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There are cases Emacs wont print stack traces on error

How can I make elisp print a stack trace from my own code? (into the stdout/stderr for example)

Something like Python's traceback:

import traceback
traceback.print_exc()
  • Which cases? What's the use case of the function? (how Emacs (or elisp) can print to stdout/stderr?) – xuchunyang Apr 9 at 8:31
  • I wanted to avoid getting into the use-case because I'd just like to get the stack-trace in any context where I'm running elisp and not focus on the particular case why. I've run into a few cases where stack traces are totally ignored, asked about it here, and there wasn't a straightforward answer. – ideasman42 Apr 9 at 10:53
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(let ((debug-on-error t))
  (error "test"))

With emacs -Q --batch -l tmp/test.el the following is printed to stderr:

Debugger entered--Lisp error: (error "test")
  signal(error ("test"))
  error("test")
  (let ((debug-on-error t)) (error "test"))
  eval-buffer(#<buffer  *load*> nil "/home/wasa/tmp/test.el" nil t)  ; Reading at buffer position 44
  load-with-code-conversion("/home/wasa/tmp/test.el" "/home/wasa/tmp/test.el" nil t)
  load("/home/wasa/tmp/test.el" nil t)
  command-line-1(("-l" "tmp/test.el"))
  command-line()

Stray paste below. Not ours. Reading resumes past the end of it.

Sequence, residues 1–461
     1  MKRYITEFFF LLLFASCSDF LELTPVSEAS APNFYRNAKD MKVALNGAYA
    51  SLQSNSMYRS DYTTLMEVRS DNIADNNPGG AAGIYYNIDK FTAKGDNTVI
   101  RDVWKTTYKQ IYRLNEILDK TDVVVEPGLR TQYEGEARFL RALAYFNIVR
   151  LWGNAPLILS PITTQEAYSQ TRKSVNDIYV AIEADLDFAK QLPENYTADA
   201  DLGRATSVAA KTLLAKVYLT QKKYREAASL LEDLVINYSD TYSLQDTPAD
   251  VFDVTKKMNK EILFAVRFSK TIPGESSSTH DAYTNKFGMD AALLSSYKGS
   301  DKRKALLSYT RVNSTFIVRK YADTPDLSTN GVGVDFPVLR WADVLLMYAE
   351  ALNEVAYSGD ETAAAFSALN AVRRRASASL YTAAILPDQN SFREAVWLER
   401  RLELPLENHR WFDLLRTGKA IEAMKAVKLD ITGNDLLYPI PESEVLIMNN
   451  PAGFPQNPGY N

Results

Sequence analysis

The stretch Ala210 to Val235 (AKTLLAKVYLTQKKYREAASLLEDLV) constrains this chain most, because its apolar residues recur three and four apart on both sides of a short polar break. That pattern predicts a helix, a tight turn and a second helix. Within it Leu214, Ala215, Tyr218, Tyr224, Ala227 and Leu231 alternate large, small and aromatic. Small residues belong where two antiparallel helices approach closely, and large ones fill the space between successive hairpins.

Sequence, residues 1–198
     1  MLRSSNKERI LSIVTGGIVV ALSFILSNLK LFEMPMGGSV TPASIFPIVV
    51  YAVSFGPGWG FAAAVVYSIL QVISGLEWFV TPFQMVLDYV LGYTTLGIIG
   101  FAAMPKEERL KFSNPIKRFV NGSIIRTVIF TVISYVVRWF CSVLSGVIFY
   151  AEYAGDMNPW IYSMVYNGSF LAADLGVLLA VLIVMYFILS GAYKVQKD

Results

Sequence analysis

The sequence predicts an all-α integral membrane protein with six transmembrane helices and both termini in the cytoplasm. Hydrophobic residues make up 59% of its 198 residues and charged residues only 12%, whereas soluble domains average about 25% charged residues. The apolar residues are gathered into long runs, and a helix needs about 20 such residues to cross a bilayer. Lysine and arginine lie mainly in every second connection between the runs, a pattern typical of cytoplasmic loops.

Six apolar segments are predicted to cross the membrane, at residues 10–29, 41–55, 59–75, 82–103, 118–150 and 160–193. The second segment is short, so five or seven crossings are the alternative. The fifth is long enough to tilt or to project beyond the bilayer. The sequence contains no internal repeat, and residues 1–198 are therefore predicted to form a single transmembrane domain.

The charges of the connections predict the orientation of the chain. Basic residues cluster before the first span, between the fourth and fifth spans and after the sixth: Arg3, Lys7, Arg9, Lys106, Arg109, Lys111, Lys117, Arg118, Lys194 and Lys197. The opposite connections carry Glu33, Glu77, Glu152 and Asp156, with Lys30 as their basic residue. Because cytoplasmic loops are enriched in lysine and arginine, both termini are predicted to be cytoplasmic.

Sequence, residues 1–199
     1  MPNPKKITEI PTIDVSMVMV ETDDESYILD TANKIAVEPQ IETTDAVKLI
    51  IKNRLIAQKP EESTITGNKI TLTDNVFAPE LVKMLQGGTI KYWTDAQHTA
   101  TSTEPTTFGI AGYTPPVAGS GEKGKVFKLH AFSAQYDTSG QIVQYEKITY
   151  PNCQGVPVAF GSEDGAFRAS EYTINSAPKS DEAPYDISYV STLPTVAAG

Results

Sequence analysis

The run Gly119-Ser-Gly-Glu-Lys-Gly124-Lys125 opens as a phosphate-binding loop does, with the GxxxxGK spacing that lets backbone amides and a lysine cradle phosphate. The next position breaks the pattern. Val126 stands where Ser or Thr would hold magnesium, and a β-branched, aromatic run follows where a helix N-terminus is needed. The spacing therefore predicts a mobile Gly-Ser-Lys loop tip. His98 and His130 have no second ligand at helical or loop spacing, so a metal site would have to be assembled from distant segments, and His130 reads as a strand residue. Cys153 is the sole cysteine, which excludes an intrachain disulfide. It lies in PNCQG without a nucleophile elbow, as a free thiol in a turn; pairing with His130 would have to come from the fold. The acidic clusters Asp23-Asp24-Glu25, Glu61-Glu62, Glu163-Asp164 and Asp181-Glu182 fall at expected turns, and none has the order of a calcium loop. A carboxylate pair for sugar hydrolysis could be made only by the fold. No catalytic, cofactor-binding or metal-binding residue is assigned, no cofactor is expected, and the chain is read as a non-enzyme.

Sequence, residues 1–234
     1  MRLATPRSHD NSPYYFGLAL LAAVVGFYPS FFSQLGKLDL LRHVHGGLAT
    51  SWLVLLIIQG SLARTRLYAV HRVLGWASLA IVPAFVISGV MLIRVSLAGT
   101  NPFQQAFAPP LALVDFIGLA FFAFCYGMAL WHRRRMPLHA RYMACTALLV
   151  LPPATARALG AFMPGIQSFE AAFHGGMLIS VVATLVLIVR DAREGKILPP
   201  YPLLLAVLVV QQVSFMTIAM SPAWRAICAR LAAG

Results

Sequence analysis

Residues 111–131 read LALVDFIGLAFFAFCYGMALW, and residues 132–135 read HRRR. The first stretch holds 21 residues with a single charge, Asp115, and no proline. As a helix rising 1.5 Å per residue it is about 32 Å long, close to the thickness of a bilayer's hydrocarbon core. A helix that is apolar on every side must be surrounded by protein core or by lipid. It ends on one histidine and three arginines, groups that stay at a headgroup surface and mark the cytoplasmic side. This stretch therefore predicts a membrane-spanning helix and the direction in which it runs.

normal-top-level()

If there's a situation where it doesn't work, chances are errors are inhibited by the code in question.

| improve this answer | |
  • Is there a way to do this that gets the stack trace but doesn't cause the code to halt? - e.g: gets the stack-trace as a string? – ideasman42 Apr 9 at 12:18
  • This doesn't work in all cases, eg: in a function registered via jit-lock-register: Error during redisplay: (jit-lock-function 1501) signaled (error "test") – ideasman42 Apr 9 at 12:22
  • Hence the "chances are errors are inhibited by the code in question", popping up a debugger during redisplay is not an option. – wasamasa Apr 10 at 7:14
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I'm not sure just what you're asking, but does using function backtrace in your code, at the place where you want to see a backtrace, help? C-h f says:

backtrace is a compiled Lisp function in subr.el.

(backtrace)

Print a trace of Lisp function calls currently active.

Output stream used is value of standard-output.

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  • This is almost there, but prints to stdout instead of stderr. Instead you need (let ((standard-output 'external-debugging-output)) (backtrace)) – wasamasa Apr 10 at 7:19
  • @wasamasa: Yes, that info helps. (But the question does say, "into the stdout/stderr for example".) – Drew Apr 10 at 16:54

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